Agnes Water used to be a relatively remote beach located 70 km north of Bundaberg and 60 km off the Bruce Highway. Furthermore, most of the road was only sealed in the mid 1990's. It really only began opening up in the 1990's, many comparing it to Noosa Heads before... Read more
Agnes Water used to be a relatively remote beach located 70 km north of Bundaberg and 60 km off the Bruce Highway. Furthermore, most of the road was only sealed in the mid 1990's. It really only began opening up in the 1990's, many comparing it to Noosa Heads before the boom. The Agnes Water Surf Life Saving Club, reflecting its 'newness', was established in 1989 at the southern end of the beach (Fig. 4.86) and was moved to its present location 2 km further up the beach in 1998. Today the small settlement boasts a small shopping area, new tavern and motel, together with a few caravan parks and a growing number of houses. The name comes from the schooner "Agnes" which, in 1873, disappeared in heavy weather after taking shelter in Pancake Creek.The main beach is 5.5 km long, running from Round Hill in the north down to Agnes Water. The beach is relatively straight and faces east-north-east. It is famous amongst surfers as being the most northerly beach on the east coast to regularly receive Tasman Sea swell which, when it arrives, provides some excellent surf. Most of the beach is backed by a low dune and natural vegetation. At the southern Agnes Water end there is an extensive foreshore reserve, including a camping reserve.The beach usually receives waves averaging about 1 m, which combine with the medium sand to build a moderately steep high tide beach (Fig. 2.9a), with a continuous bar exposed at low tide (Fig. 4.87). During and following higher swell, up to 30 rip channels are cut across the lower section of the bar and an outer bar forms along the central and northern sections of the beach. The rip channels will persist for some weeks during lower wave conditions.
A relatively safe beach in the southern patrolled area. Care must be taken if the swell exceeds 1m as rips will be present, particularly at low tide and up the beach.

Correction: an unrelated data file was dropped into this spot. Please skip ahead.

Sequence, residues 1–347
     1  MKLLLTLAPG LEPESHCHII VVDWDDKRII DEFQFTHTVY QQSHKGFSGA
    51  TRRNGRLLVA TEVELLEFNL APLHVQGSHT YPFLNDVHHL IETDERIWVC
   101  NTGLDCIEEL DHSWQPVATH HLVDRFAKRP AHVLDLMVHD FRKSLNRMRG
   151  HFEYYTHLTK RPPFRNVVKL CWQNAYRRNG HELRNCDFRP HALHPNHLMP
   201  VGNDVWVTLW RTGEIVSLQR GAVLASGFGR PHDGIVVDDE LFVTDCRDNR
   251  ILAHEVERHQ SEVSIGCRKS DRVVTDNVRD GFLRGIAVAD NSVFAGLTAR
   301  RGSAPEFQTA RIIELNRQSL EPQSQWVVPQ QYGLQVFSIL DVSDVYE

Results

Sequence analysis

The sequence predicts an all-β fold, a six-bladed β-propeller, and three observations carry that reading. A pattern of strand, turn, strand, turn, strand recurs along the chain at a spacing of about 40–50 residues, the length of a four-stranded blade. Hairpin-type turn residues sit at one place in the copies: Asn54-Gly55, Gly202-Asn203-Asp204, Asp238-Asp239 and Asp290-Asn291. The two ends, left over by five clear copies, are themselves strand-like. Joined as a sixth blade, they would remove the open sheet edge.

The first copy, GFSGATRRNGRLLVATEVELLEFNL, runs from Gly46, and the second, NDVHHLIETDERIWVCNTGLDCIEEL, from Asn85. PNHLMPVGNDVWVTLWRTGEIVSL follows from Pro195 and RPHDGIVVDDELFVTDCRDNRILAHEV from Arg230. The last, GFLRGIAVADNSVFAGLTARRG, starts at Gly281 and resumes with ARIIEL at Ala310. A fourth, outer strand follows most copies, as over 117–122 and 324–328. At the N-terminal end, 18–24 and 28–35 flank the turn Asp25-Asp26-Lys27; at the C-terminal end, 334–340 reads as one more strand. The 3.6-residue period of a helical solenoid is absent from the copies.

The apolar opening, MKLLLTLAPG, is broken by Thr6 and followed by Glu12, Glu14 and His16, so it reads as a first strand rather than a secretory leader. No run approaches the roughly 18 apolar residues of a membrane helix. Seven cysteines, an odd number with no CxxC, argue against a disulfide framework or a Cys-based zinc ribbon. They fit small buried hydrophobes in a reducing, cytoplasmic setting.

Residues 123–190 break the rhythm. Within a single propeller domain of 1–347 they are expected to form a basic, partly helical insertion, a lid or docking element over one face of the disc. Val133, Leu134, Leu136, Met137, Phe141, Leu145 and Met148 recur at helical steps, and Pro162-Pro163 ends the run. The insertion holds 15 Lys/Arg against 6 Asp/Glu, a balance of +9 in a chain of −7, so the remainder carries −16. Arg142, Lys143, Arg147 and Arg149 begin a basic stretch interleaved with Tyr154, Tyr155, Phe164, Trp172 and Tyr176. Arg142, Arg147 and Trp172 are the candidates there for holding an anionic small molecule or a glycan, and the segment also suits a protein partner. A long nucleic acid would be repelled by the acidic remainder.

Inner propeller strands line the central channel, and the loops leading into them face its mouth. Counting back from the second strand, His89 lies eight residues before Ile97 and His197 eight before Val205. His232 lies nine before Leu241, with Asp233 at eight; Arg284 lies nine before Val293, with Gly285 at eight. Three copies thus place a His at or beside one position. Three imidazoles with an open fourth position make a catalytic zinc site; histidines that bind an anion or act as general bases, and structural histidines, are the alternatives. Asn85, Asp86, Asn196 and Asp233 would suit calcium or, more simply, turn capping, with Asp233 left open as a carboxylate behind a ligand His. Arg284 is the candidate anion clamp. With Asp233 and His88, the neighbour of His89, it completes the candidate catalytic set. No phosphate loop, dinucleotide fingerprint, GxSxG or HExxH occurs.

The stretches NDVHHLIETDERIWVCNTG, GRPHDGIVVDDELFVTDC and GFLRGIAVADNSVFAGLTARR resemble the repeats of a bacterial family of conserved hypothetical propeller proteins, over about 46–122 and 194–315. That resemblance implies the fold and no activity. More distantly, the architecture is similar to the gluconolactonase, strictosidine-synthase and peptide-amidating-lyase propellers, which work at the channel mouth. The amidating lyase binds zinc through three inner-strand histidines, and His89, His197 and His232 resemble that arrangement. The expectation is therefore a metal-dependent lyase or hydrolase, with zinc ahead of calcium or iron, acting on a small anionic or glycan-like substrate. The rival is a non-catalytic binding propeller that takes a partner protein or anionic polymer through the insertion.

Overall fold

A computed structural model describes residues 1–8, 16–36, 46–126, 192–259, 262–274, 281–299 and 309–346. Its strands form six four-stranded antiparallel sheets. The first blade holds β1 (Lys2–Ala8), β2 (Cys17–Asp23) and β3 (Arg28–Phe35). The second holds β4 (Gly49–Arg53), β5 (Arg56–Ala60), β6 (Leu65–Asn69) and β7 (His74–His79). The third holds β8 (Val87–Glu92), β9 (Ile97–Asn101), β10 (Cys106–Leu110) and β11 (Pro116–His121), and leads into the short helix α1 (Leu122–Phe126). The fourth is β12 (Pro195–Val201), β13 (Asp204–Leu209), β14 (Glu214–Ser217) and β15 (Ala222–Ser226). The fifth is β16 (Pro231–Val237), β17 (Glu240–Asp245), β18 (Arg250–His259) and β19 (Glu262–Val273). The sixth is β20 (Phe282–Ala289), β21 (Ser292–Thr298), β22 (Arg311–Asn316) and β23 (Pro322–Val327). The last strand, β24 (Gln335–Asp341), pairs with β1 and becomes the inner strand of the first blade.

It all depends on the swell. A top spot when it arrives, producing a right off the point, otherwise usually a low beach break.
Good off the beach when rip holes are present, otherwise best off the rocks at each end.
An attractive beach, still relatively unspoiled; however the surrounding region is experiencing rapid development.Read less
Sat, 21 Oct 18:09
Marine Wind Warning Summary for Queensland
Sat, 21 Oct 15:53
Flood Warning Summary for Queensland
Wind: Variable about 10 knots becoming southerly 10 to 15 knots in the early afternoon. Winds reaching up to 20 knots offshore south of Cape Capricorn in the evening.
Swell: Easterly below 1 metre inshore, increasing to 1 to 1.5 metres offshore.
Seas: Below 1 metre, increasing to 1 to 1.5 metres south of Cape Capricorn later in the evening.
Weather: Cloudy. 90% chance of rain. The chance of a thunderstorm from the late morning.
Sun protection recommended from 7:50 am to 3:20 pm
Wind: Southerly 15 to 20 knots turning southeasterly during the morning and early afternoon.
Swell: Southerly 1 to 2 metres offshore southern waters, decreasing to 1 to 1.5 metres during the afternoon. 2nd
Seas: 1 to 2 metres, decreasing below 1.5 metres during the afternoon. 1st
Weather: Partly cloudy. 80% chance of showers. The chance of a thunderstorm.
Sun protection recommended from 7:50 am to 3:10 pm
Wind: Southeasterly 15 to 20 knots.
Swell: Southerly around 1 metre offshore southern waters.
Seas: Around 1 metre, increasing to 1 to 1.5 metres offshore south of Cape Capricorn.
Weather: Partly cloudy. 40% chance of showers. The chance of a thunderstorm in the morning and afternoon.
|Sat 21st||11 (Extreme) Sun protection recommended from 7:50 am to 3:20 pm|
|Sun 22nd||11 (Extreme) Sun protection recommended from 7:50 am to 3:10 pm|
|Mon 23rd||10 (Very High) Sun protection recommended from 8:00 am to 3:00 pm|
|Tue 24th||11 (Extreme) Sun protection recommended from 7:50 am to 3:20 pm|
SLSA provides this information as a guide only. Surf conditions are variable and therefore this information should not be relied upon as a substitute for observation of local conditions and an understanding of your abilities in the surf. SLSA reminds you to always swim between the red and yellow flags and never swim at unpatrolled beaches. SLSA takes all care and responsibility for any translation but it cannot guarantee that all translations will be accurate.